Well, well, well! Later than ever. What can I say, multitasking is not my strong suit and right now I am trying to record an album, promote the previous album, break into YouTube with some modular patching and performance videos and, oh yeah, do this patch-a-week thing. In my defense, I’ve been patching A LOT, it’s the documenting I am having trouble with. But I am trying! Hence, this week you get a double patch post.
Let’s get to it! Patch one is a pretty simple bass synth patch — Two detuned square/pulse waves (one from each side of the Klavis Twin Waves), plus a sub square wave an octave down. Pulse width of each oscillator offset from each other and modulated by the Make Noise Function, one side getting the positive signal and the other getting negative. The three squares get mixed in the Doepfer VCA/mixer A-135-2 and output to the WMDevices C4RBN filter, then out to the Xaoc Devices Tallin VCA and out to the world! The Tallin VCA is controlled a simple envelope from Pittsburgh Modular Lifeforms Mod Tools. Filter envelope proved by one of the envelope programs from the Ornament and Crime (I used a few different ones at different points). The result is a pretty straightforward fuzzy synth bass — tasty but unremarkable.
What’s interesting about this fairly basic patch is how it came to be. Last week I was working on that album I mentioned and things were going Not Great. I was basically stuck on this track that I had been working on for almost two weeks, with just a a few good moments to show for it. I wrestled with abandoning it a couple times, but the heart of what was there was compelling and I didn’t want to let it go. Night after night, I would add a part or two, only to strip it back out later or the next night, unhappy with any “progress” I made past the initial idea.
Finally, after a couple of days where I just couldn’t even bear to try anything new I decided to turn to the modular. My thought was I’d make a weird, out-there sound collage type patch to act as an intro or possibly a bridge/breakdown of sorts but as I started plugging things together, I instead was compelled to start making this bass patch detailed above. Fine, I thought, I can start there — but when it was done, and was trying to decide how to sequence it as part of this theoretical sound collage “thing” I was theoretically working on, I decided to just try it as a bassline sound for the track I was working on, sequencing it from the MPC. (This is also something I have done a lot less than I imagined I would, but considering how well it worked, I am definitely doing more of it in the future.)
It worked great! I found my logjam broken on that track and I was finally able to move forward from that track once I had a bassline down and a few other things that came together once that was in place! And it all came though the relatively chill and almost meditative process of patching that sound up — somehow, the process of building the sound from the ground up just helped me see past the issues I was having, and indeed, suggested a new direction!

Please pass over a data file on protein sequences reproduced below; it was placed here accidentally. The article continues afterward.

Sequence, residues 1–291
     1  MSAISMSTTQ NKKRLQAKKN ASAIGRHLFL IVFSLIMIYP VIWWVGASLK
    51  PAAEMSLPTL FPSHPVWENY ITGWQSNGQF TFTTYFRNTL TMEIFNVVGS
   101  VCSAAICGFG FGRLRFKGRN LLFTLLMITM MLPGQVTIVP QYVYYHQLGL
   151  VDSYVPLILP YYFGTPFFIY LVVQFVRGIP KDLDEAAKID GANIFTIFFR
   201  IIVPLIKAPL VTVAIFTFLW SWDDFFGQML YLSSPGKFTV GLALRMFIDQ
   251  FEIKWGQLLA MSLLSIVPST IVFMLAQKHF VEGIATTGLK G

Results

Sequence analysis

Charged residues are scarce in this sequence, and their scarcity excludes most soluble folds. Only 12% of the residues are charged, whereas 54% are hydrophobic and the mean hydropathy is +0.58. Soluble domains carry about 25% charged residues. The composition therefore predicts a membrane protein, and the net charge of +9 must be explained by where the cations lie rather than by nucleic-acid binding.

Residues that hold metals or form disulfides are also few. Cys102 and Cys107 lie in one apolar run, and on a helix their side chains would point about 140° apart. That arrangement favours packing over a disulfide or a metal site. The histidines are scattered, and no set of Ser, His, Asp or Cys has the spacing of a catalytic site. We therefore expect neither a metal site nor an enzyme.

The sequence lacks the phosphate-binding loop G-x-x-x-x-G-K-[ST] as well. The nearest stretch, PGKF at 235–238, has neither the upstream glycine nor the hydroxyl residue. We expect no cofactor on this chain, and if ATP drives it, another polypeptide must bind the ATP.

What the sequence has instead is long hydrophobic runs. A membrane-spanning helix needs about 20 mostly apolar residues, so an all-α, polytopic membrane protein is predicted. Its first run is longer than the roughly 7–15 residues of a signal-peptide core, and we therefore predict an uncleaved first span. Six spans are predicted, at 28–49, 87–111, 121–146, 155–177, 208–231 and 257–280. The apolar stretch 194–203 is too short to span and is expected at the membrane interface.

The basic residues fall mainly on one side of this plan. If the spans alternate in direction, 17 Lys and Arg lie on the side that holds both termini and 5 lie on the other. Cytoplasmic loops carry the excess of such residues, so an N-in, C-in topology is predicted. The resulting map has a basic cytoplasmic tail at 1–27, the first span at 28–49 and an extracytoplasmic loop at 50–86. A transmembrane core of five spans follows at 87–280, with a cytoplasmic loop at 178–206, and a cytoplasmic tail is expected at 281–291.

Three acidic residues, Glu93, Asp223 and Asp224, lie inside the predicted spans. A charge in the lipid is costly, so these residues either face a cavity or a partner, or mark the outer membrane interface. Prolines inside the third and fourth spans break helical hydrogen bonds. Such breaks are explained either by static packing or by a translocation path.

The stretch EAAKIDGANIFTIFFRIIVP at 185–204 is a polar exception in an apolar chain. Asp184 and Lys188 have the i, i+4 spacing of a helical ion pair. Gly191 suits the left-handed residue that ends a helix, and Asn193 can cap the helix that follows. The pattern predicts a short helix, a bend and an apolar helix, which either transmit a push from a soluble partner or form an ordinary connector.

Something about patching up a bass and sequencing it via the MPC got me thinking about how to set everything up to jam, so I did! The details of that setup are a bit beyond the “modular patch of the week” paradigm we’re exploring here, but you can see it in the attached video (and hear both the bass patch, and the one I’m about to describe). One of the elements of my jam set up was a nice lead from the 0-Coast (no real patch notes — I just tweaked the knobs till it sounded good, apart from using the filter/delay random CV from the Strega into the Slope time input for a little variation).
And hey! The 0-Coast sounds great in these kind of roles… but it was a little dry. I thought about pulling out the QuadraVerbs for a little retro effects action, but then I remembered that was work and my modular was right there. And much like my plan to sequence the modular from the MPC, I’d planned to use my Eurorack effects on my other instruments, but never really got around to it. It was time.
The patch I ended up with was pretty simple — 0-Coast into FX Aid XL, then into the Mimeophon, then out to the world. For controls, I just had the Planar 2 joystick Y axis controlling the feedback of the Mimeophon, so I could lean into the delay during select moments. Simple! The FX Aid Shallow Water emulation– an extra warbly chorus/ageing effect– was magic and turned my Very Nice 0-Coast sound into something special. And that was it! As complex as modular can get at times, it’s easy to forget that sometimes you just need to use it like a big pedalboard — plug and play, baby! Doesn’t make for an exciting patch, but it made for some exciting sounds.
Here’s a video of a jam that uses the bass I described (so nice I used it in TWO different tracks, back to back) and my 0-Coast effects rack. Enjoy!